Mackenzie Avenue showing Manning’s, circa 1940s. (Revelstoke Museum & Archives photo 1832)

Glimpses of Revelstoke’s past for June 26

120 Years Ago: Revelstoke Herald, June 28, 1899

An outdoor swimming pool was being planned on Fifth Street West near Connaught Avenue. It was to be 60 feet long x 25 feet wide, and 7 feet deep at the deepest end, tapering to 4 feet. Tickets for the season were to be sold for $5. Editor’s note: We have not yet found anything to indicate that the pool ever opened.

110 Years Ago: Mail-Herald, June 26, 1909

Piled up on a flat car in the CPR yards here on Monday night could be seen a portion of the wreckage resulting from the freight train smash-up at Notch Hill in which five hoboes were killed. The wreckage consisted mostly of car wheels with some shreds of timber from the broken cars.

100 Years Ago: Revelstoke Review, June 26, 1919

The Salvation Army was asking Revelstoke for $500 in donations to go towards supporting the troops coming home from the war. The local population supported the program as many people wanted to support the troops but did not know how best to do it, so they found the Salvation Army program to be a good opportunity.

90 Years Ago: Revelstoke Review, June 26, 1929

A water works by-law carried, and two by-laws were defeated. Revelstoke lost a new city hall by 12 votes as well as school improvements and a 10,000 government grant. The water works by-law which wanted $60,000 to cover the cost of a two-million gallon water reservoir was passed by a vote of 138 to 36. Less than have of the eligible voters cast their vote.

80 Years Ago: Revelstoke Review, June 29, 1939

Thomas D. Kilpatrick, railway pioneer, passed away at Vancouver on June 24, at the age of 82. Kilpatrick worked on railway construction through the Rockies and Selkirks in 1885 as a bridge builder, and rose to the post of Superintendent of the Revelstoke Division. He became known as an authority on avalanche control. He was later asked to assist a British company in building a railway from Chile to Argentina and was in charge of snow shed construction for the project.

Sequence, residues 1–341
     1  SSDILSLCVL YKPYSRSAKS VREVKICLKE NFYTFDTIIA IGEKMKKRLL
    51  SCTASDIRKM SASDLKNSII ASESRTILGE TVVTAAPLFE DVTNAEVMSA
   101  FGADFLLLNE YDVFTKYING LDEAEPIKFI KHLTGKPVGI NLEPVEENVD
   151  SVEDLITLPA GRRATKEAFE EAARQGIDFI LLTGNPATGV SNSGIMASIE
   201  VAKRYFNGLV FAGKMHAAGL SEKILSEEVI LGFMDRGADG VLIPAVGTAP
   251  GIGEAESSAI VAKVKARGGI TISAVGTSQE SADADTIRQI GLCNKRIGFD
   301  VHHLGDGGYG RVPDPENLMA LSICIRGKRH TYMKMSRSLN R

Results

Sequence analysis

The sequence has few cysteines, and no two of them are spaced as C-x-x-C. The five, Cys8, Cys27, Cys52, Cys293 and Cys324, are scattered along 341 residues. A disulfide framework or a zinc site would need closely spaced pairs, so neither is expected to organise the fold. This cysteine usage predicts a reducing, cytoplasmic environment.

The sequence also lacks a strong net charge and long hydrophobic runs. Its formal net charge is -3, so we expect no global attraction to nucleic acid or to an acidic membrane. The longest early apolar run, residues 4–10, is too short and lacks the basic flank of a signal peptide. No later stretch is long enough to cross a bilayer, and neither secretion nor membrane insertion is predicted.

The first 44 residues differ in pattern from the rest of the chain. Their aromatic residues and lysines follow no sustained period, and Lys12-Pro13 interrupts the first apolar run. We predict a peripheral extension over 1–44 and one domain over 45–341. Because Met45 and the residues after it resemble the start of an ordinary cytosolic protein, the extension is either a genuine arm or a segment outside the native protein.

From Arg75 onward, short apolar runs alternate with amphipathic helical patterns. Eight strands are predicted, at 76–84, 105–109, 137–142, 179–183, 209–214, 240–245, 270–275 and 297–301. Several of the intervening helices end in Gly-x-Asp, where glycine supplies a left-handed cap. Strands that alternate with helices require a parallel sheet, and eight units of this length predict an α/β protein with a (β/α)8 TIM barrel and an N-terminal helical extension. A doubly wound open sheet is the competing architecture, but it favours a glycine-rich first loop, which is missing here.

While he Revelstoke, he served on the first city council in 1899, and was Mayor in 1913. She was president of the Hospital Society from 1901 until 1915.

70 Years Ago: Revelstoke Review, June 23, 1949

The Kinsmen were preparing for the annual Golden Spike Days celebration on June 30, July 1, and July 2. The event was also celebrating the 50th anniversary of the incorporation of Revelstoke. For the third year, a cavalcade of motorboats was planning to come up the Columbia River from Washington, and a huge parade was being planned for Dominion Day, July 1st.

60 Years Ago: Revelstoke Review, June 25, 1959

The new McInnes Sawmill, just south of Revelstoke, was completely destroyed by fire. Arson was suspected. The mill had only been in operation for three weeks. Rebuilding of the mill commenced immediately and was expected to be in full operation within six weeks.

50 Years Ago: Revelstoke Review, June 26, 1967

The newly erected St. Ann’s Ukrainian Church was blessed in a ceremony presided over by the Bishop of Edmonton, following a Mass held in the new church. Rev. Albert Corradin and altar boys from St. Francis of Assisi church in Revelstoke assisted at the Mass. A mixed choir consisting of several Ukrainian parishes in the Okanagan Valley led the singing. The church was located on Airport Way, just across the Illecillewaet Bridge, and replaced the former St. Ann’s Church at Mount Cartier.

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